If you’re a “notebook thinker,” you’ll like Baron Fig, a small line of carefully crafted, take-it-anywhere hardcover and pocket notebooks made of archival quality pages (blank, lined, or dotted) that lie almost perfectly flat. I have a first-run hardcover, and it’s sweet.
Launched in October 2013 as a Kickstarter project, Baron Fig blew past its modest $15,000 funding goal by whopping $153,289! Impressive as that is, what’s really impressive — and why I’m writing — is the fantastic, relentless simplicity of the entire idea.
How do you make such a (seemingly) ordinary product desirable enough to sell at a premium? With design in its purest form, which one trip to their web site will make obvious.
It’s a beautifully simple site with a single focus — to present Baron Fig notebooks in a personal and somewhat precious way, similar to the iPhone. They do it not with hyperbole or lengthy explanation, but briefly, clearly, point by careful point. No distractions, diversions, or sidebars — just a photo, an illustration, a few words, a click or two.
Its design is wide-screen, deep scrolling, mostly white space, with sensitive, quiet typography. You’ll see a half-dozen carefully filmed videos of notebooks in use.
What reminded me of all this is the email I got recently promoting a new Baron Fig model — a “limited edition” pocket notebook with a lightbulb on the cover, handsomely presented against a tweed jacket:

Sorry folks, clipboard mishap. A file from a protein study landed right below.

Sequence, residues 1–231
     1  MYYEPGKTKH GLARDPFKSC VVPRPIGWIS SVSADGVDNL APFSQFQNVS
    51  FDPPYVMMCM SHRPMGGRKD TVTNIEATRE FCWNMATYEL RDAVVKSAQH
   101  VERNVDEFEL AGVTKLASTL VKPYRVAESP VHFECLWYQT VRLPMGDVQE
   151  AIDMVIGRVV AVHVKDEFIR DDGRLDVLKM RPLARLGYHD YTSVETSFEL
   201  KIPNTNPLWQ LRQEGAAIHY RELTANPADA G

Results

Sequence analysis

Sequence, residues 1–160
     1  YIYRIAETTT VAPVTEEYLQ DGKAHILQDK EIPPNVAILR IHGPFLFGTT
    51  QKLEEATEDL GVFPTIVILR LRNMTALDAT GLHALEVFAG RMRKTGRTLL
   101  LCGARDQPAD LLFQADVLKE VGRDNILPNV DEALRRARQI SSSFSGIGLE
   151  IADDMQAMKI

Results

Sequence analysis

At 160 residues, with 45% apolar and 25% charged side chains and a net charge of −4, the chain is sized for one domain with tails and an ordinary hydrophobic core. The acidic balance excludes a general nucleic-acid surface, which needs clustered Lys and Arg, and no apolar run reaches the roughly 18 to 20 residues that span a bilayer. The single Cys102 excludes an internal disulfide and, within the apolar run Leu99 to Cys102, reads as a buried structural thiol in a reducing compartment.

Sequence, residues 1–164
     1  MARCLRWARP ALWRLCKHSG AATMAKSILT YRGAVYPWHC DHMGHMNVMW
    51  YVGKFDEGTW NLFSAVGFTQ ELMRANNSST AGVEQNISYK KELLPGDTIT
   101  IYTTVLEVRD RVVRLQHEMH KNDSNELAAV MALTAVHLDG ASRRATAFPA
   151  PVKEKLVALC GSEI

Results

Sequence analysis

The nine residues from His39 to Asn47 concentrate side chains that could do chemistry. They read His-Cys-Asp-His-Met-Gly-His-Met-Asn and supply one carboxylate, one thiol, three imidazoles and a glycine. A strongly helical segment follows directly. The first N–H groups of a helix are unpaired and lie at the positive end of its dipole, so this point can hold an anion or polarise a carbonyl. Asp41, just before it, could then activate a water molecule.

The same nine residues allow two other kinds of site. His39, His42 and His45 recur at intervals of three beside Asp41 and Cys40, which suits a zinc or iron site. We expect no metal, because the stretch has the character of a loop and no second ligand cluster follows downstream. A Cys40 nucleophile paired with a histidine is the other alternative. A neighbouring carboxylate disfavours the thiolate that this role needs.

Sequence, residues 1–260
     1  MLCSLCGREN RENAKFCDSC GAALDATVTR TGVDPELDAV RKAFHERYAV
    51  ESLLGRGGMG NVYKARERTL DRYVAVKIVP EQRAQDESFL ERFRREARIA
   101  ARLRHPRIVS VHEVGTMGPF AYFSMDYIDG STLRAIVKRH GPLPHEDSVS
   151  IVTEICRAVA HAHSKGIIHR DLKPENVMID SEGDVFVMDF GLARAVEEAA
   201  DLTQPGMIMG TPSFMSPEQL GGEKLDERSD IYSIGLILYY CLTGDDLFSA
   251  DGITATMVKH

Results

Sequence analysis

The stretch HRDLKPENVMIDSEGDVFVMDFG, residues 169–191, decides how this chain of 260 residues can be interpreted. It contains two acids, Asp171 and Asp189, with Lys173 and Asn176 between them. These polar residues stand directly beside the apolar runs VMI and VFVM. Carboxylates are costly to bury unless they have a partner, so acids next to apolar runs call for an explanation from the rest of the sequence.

Kinda makes you want one, doesn’t it?
Think about this. It’s a fairly mundane product category. The lightbulb is an image that you or I would easily discard as overly simplistic. And adding it to an otherwise blank cover — how much fanfare does that merit? I would have thought none, but Baron Fig has turned it into an event — low-key for sure, but worth talking about and worth doing well.
I’m smiling. The whole enterprise reinforces for me the efficacy of narrowing an idea to a niche and even a hyper niche and staying with it, carefully refining, proudly presenting, not overlooking the value in even the smallest detail.
Time to rethink a few things.